The chapel was originally built at Seymour Johnson Air Force Base in Goldsboro, N.C. It was moved to Georgia and dedicated by Army Chaplain James O’Neil, famous for writing a prayer for good weather at the request of Gen. George Patton. The chapel has been used by men and women who served in World War II, Korea, Vietnam and the Middle East, for services including weddings, funerals and retirement ceremonies.

“We use it for all kinds of things,” said retired Brig. Gen. Scott Mikkelson.

The group started looking for ways to save the chapel in May 2005, meeting every other month. They say they tried numerous ways to get funding to save the chapel.

Retired Chief Master Sgt. Dick Roberts, an ex-officio member of the foundation, said they reached out to 24 local churches, but only the relatively small Elizabeth Baptist Church responded.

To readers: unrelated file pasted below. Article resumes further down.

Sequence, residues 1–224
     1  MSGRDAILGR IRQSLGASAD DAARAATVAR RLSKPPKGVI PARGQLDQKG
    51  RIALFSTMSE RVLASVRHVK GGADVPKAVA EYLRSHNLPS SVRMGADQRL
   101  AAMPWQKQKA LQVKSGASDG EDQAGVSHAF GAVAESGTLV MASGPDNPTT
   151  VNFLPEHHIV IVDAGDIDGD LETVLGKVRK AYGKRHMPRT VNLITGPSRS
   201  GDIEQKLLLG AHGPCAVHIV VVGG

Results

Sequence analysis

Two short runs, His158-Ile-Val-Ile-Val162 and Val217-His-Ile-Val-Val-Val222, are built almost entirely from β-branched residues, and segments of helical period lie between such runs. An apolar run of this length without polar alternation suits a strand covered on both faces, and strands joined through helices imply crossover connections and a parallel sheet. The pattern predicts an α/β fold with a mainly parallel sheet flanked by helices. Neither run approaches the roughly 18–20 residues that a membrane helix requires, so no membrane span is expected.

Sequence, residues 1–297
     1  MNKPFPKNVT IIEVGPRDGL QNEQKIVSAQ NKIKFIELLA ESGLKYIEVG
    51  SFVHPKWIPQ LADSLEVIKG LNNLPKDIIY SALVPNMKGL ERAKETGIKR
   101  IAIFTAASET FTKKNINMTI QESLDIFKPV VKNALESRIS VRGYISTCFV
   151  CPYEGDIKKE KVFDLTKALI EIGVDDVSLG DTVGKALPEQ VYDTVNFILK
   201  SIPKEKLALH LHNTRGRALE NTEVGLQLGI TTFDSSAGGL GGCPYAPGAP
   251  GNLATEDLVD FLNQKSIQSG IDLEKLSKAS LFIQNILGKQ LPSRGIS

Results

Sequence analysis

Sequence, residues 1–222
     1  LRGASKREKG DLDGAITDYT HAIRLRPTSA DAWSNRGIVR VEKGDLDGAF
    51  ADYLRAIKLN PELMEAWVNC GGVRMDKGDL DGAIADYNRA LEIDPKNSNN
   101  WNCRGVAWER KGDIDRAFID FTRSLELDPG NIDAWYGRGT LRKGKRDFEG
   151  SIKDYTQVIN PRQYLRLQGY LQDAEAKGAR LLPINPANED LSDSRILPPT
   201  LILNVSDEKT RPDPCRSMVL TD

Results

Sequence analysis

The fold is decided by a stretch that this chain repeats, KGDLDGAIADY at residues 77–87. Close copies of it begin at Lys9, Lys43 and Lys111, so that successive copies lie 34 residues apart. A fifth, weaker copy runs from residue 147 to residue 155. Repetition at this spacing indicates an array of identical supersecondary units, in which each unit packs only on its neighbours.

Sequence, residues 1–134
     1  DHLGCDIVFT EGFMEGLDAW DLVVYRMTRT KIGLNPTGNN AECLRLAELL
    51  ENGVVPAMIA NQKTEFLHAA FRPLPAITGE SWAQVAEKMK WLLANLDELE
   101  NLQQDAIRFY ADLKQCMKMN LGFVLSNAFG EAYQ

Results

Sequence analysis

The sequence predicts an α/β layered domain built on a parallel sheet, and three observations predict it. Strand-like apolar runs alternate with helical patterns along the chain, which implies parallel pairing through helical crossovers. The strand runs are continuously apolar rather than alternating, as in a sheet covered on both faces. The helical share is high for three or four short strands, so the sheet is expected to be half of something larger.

“I was surprised at that, considering the magnitude of some of the megachurches,” Roberts said. “Being that this is a military church, we thought they would want to help us out.”

Powers said he will be happy to have the ordeal with the chapel behind him.

“I’m retired — I do very little for a living,” he said. “I love the golf course. I am ready to get back to normal retired living.”
Comments
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Chief Norm Marous
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March 14, 2013